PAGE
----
The antique wood singer sewing machine project I've been working on has had many challenges dealing with minor defects found in the case, with much of that damage caused by water. So, I've spent a good deal of my time handling that and re-gluing veneer that lost its grip around the edges of the machine cabinet.

The two cases that make up the sides of the cabinet are still a concern to me and will continue to be so until I see how the wipe stain applies to these areas. The outside ends of these cases have beautiful appliqués on them. 

I fear sanding up against those appliqués. As you know, the sand paper loses its bite as it comes up against something like that and the wood is very difficult to scratch. The results become quite clear when the wipe stain is applied. A halo appears that is the result of uneven sanding. I used maroon Scotch-Brite to sand those areas. My hope is that the Scotch-Brite will get in the cracks where I want it to go. Stay tuned. These areas may be a classic opportunity to use a glaze to blend out those halos. Glazing the case may be necessary anyway to give it more of the original antique look.

Now to the six drawer boxes. They too have a beautiful appliqué around the drawer pull. First, an appliqué was glued to the drawer front. Then, a rosette-style cutter was used to create a doughnut-shaped recess in the drawer front with a center uprising onto which a small white oak pull was glued. Again, the problem was getting all of that detail sanded well. The soreness in my left thumb and right index finger tip attest to my efforts. Finger sanding wears out your digits!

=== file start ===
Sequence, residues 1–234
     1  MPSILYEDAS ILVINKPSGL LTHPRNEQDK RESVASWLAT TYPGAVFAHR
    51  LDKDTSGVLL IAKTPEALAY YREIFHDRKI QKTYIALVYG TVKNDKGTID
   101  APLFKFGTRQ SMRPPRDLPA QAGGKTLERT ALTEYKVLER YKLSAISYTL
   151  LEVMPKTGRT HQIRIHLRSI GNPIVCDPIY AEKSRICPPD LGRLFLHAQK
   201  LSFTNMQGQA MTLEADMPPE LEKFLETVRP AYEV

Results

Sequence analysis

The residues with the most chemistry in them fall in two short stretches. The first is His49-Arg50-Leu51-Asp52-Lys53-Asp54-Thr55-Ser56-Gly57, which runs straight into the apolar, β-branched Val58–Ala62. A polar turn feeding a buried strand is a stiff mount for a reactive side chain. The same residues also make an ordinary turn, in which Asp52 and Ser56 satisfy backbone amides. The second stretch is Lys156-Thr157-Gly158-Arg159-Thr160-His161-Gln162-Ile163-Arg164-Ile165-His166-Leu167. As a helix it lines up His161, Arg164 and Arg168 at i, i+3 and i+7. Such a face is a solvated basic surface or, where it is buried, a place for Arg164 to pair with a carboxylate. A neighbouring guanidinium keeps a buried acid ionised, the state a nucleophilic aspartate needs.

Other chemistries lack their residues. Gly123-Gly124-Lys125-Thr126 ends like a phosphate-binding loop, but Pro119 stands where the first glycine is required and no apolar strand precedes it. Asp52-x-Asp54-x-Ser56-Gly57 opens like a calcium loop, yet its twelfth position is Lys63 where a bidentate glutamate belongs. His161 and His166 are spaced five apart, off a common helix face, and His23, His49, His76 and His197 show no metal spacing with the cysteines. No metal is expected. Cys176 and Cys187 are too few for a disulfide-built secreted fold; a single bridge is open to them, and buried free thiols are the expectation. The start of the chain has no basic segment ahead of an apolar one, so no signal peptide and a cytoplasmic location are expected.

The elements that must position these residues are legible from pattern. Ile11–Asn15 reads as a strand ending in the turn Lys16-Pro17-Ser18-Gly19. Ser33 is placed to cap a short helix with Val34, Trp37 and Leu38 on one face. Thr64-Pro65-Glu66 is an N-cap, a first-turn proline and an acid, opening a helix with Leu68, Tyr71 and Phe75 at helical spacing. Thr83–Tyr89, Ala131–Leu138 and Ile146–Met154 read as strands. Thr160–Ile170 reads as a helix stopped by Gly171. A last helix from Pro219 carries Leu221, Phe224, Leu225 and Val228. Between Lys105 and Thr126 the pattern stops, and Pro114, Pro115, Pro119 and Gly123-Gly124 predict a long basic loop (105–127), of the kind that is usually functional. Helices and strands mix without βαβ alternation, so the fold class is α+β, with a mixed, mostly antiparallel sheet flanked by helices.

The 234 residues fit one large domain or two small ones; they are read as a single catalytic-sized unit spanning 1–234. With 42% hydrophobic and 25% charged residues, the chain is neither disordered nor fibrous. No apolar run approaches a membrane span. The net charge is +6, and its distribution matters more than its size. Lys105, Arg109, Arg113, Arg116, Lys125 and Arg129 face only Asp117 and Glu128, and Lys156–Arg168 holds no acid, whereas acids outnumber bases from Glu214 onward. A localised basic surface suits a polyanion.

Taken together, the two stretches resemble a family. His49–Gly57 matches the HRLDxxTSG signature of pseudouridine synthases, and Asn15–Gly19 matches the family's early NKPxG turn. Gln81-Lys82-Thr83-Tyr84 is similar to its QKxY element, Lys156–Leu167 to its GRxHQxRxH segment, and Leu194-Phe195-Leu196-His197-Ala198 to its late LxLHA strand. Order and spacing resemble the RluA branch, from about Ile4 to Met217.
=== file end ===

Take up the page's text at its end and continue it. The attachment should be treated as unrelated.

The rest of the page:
I wish that I had a good photo of the drawer fronts to show you. For now, take a look at the one picture of the full case and I think that you will see what I mean. It’s a neat bit of woodworking! I’ll take more pictures when I reassemble the case.

My buddy Dave has the project from this point on. He will apply the stain and lacquer. As is my custom, this will include M.L. Campbell’s DuraVar. I expect to see the work come out of his shop in a week or so. Then it will be my job to reassemble everything and take some good photos of the finished product to share with you.

Until next time…spray on!

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